County council OKs food and beverage tax proceeds for convention center debt

At its regular Tuesday meeting, Monroe County councilors approved a $300,000 appropriation of food and beverage tax revenue to help make debt payments in connection with the county’s convention center.

The debt covers renovations and land acquisition that have already been made. It’s not related to the planned future expansion of the center, which is still part of city and county plans—even if it has been on hold during the pandemic year.

Bloomington mayor John Hamilton’s state of the city address, given on Feb. 25, mentioned the convention center expansion as a question: “What is the future for the convention center and its planned expansion?”

The money approved by the county council on Tuesday will cover a bit under two of the $159,000 quarterly debt payments. The county’s food and beverage fund balance, as of the first of the year, was more than $600,000.

The use of the county’s share of food and beverage proceeds for debt service on the convention center was recommended by the food and beverage tax advisory commission at a January meeting. 

Historically, it has been innkeeper’s tax revenues that have been used to pay the convention center debt service. The innkeeper’s tax is 5-percent charge on lodging in the county.

But innkeeper’s tax revenues have been hit hard by the COVID-19 pandemic. Food and beverage revenues are also a down due to the pandemic, but not as much. That’s why the convention and visitors commission was looking to tap food and beverage proceeds to cover some of the debt service.

At Tuesday’s county council meeting, Mike Campbell, who serves on the county’s 5-member convention and visitors commission (CVC), said the group would be approving the claim on a quarterly debt payment at its meeting next week. So the county council’s approval of the appropriation was timely, Campbell said. Campbell serves on the CVC as the associate director of Indiana Memorial Union.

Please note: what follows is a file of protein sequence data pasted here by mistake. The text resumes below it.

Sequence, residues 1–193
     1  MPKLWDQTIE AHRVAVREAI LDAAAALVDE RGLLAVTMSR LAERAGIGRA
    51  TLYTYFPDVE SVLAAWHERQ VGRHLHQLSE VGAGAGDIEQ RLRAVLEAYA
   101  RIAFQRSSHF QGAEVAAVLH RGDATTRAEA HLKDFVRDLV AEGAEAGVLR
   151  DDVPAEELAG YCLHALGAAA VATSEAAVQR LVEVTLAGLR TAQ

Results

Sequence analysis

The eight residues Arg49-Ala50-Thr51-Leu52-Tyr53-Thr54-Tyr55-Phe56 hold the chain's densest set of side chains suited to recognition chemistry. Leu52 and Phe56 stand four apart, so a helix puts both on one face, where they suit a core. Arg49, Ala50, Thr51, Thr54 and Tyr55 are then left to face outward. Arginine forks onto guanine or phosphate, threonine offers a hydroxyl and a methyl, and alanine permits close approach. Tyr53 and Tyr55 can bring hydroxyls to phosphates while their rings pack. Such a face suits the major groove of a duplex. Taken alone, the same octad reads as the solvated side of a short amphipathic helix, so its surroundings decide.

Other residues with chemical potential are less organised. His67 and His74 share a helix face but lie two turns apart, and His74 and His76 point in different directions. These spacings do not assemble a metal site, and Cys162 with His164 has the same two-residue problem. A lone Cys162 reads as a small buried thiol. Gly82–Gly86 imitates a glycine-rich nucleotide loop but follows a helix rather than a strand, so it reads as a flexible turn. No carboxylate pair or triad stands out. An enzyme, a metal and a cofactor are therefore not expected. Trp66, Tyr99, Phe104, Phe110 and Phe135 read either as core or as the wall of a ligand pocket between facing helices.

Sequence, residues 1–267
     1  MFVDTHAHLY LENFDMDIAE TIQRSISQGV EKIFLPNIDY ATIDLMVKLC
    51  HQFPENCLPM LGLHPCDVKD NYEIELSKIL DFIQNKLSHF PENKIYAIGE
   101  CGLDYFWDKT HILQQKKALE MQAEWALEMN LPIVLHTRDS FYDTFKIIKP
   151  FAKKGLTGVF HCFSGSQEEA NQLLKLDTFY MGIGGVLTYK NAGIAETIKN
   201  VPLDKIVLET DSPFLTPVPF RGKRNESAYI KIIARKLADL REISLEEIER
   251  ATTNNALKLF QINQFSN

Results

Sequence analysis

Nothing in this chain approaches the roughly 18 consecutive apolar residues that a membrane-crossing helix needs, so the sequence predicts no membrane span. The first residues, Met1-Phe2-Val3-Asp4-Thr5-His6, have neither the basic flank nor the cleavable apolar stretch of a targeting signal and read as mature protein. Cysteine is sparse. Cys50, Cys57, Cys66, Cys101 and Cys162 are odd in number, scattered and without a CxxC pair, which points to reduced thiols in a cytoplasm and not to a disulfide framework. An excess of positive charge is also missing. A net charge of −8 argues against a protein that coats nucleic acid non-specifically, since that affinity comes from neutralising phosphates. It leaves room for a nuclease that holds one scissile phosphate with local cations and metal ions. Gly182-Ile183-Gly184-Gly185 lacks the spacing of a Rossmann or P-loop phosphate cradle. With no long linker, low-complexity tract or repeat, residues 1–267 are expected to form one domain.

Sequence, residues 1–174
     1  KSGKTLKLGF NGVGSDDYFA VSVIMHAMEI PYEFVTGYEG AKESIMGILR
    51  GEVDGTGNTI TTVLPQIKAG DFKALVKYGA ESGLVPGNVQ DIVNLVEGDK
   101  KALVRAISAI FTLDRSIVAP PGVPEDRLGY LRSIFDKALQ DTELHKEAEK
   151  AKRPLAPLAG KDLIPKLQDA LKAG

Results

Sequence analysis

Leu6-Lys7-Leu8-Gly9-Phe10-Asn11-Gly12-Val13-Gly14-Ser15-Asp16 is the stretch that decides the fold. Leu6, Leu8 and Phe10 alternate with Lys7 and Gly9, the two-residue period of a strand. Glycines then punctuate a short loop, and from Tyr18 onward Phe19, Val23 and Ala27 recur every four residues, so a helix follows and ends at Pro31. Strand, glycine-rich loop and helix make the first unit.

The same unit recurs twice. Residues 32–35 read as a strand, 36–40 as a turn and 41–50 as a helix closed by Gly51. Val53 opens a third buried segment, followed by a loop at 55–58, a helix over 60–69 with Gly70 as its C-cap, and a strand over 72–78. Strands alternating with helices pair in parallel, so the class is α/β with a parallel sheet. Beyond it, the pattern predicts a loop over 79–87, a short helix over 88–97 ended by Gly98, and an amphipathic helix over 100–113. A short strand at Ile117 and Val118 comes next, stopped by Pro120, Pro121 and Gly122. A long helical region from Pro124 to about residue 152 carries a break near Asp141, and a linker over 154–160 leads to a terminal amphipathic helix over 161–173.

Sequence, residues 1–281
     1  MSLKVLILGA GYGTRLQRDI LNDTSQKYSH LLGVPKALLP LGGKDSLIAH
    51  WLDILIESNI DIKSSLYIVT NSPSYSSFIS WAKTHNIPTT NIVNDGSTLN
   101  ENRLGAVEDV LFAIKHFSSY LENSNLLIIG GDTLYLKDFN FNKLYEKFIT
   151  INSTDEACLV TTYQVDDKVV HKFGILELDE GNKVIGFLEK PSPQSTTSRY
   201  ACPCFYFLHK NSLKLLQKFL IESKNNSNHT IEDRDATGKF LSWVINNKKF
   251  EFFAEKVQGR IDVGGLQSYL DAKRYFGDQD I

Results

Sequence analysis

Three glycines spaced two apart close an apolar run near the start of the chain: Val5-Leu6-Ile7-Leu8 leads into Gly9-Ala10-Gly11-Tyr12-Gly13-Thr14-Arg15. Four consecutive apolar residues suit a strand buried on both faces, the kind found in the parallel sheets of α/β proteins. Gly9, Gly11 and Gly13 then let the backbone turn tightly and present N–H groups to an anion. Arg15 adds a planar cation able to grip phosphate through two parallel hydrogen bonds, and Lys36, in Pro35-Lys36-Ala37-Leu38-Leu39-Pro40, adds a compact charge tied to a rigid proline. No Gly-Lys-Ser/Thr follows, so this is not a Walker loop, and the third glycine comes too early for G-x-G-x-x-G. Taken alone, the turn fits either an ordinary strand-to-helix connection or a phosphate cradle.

Convention and business center revenue from event bookings has also taken a hit during the pandemic year. At Tuesday’s county council meeting, Talisha Coppock, who is executive director of the Monroe County Convention Center, gave county councilors an idea of the impact. Coppock said, “March 14 will be forever in my mind. We cancelled $400,000 worth of business in one day—we could hardly keep up with the telephone calls.”

During the pandemic, Coppock said, the convention center has been hosting only some smaller business meetings. The convention center has also been providing space for blood drives and the county health department’s COVID-19 vaccination clinic at no cost.

Overall, food and beverage tax revenue was down in 2020 compared to 2019, due to the impact of the COVID-19 pandemic. The combined city and county monthly average of $232,722 collected in 2020 was 81 percent of the $287,267 monthly average collected in 2019. That made for a year-over-year drop of $654,546—from $3,447,210 to $2,792,664.

The impact has been less on the county’s share of food and beverage tax proceeds.

The average of $28,790 per month in 2020 for the county was about 90 percent of the $32,078 monthly average for 2019.

The average of $203,932 per month  in 2020 for the city was just under 80 percent of the $255,190 monthly average that was collected by city businesses in 2019.

Revenues from the countywide 1-percent tax on prepared food and beverages are controlled by the city or the county government, depending on the location of the business that collects the tax. Inside the city limits, the use of the proceeds is determined by Bloomington government. Outside the city limits, it’s the county government that decides how it is spent.

That arrangement works out generally to about a 90-10 split between Bloomington and Monroe County government.

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